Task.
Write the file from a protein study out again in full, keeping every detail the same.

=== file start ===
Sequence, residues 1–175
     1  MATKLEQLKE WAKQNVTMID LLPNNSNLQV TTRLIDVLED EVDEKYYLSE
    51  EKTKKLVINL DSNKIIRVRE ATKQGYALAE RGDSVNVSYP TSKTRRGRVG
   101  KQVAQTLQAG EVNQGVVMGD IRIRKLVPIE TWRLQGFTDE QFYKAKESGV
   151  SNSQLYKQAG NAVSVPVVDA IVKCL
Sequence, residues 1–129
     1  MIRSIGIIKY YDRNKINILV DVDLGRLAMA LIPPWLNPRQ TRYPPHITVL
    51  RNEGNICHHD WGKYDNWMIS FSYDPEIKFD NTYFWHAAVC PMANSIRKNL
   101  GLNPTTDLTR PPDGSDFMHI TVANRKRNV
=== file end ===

Sequence, residues 1–175
     1  MATKLEQLKE WAKQNVTMID LLPNNSNLQV TTRLIDVLED EVDEKYYLSE
    51  EKTKKLVINL DSNKIIRVRE ATKQGYALAE RGDSVNVSYP TSKTRRGRVG
   101  KQVAQTLQAG EVNQGVVMGD IRIRKLVPIE TWRLQGFTDE QFYKAKESGV
   151  SNSQLYKQAG NAVSVPVVDA IVKCL
Sequence, residues 1–129
     1  MIRSIGIIKY YDRNKINILV DVDLGRLAMA LIPPWLNPRQ TRYPPHITVL
    51  RNEGNICHHD WGKYDNWMIS FSYDPEIKFD NTYFWHAAVC PMANSIRKNL
   101  GLNPTTDLTR PPDGSDFMHI TVANRKRNV